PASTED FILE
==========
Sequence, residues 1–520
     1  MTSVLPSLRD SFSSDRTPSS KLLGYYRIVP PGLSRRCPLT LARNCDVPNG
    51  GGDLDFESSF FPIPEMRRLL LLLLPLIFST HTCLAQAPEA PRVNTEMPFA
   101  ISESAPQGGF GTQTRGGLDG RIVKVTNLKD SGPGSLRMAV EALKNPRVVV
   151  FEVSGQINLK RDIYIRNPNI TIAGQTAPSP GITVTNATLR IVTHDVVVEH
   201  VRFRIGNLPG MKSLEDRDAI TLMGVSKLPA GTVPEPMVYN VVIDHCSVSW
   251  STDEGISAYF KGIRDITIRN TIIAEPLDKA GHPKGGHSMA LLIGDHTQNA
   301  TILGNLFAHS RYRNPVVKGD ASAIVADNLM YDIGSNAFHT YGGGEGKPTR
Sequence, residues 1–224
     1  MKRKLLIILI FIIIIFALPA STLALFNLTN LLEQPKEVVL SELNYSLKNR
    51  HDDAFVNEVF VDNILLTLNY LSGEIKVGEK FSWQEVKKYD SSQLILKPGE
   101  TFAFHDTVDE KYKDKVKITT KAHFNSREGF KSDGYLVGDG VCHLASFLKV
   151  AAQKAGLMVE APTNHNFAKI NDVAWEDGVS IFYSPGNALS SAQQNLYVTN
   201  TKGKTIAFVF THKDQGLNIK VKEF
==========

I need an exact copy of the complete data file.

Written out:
Sequence, residues 1–520
     1  MTSVLPSLRD SFSSDRTPSS KLLGYYRIVP PGLSRRCPLT LARNCDVPNG
    51  GGDLDFESSF FPIPEMRRLL LLLLPLIFST HTCLAQAPEA PRVNTEMPFA
   101  ISESAPQGGF GTQTRGGLDG RIVKVTNLKD SGPGSLRMAV EALKNPRVVV
   151  FEVSGQINLK RDIYIRNPNI TIAGQTAPSP GITVTNATLR IVTHDVVVEH
   201  VRFRIGNLPG MKSLEDRDAI TLMGVSKLPA GTVPEPMVYN VVIDHCSVSW
   251  STDEGISAYF KGIRDITIRN TIIAEPLDKA GHPKGGHSMA LLIGDHTQNA
   301  TILGNLFAHS RYRNPVVKGD ASAIVADNLM YDIGSNAFHT YGGGEGKPTR
Sequence, residues 1–224
     1  MKRKLLIILI FIIIIFALPA STLALFNLTN LLEQPKEVVL SELNYSLKNR
    51  HDDAFVNEVF VDNILLTLNY LSGEIKVGEK FSWQEVKKYD SSQLILKPGE
   101  TFAFHDTVDE KYKDKVKITT KAHFNSREGF KSDGYLVGDG VCHLASFLKV
   151  AAQKAGLMVE APTNHNFAKI NDVAWEDGVS IFYSPGNALS SAQQNLYVTN
   201  TKGKTIAFVF THKDQGLNIK VKEF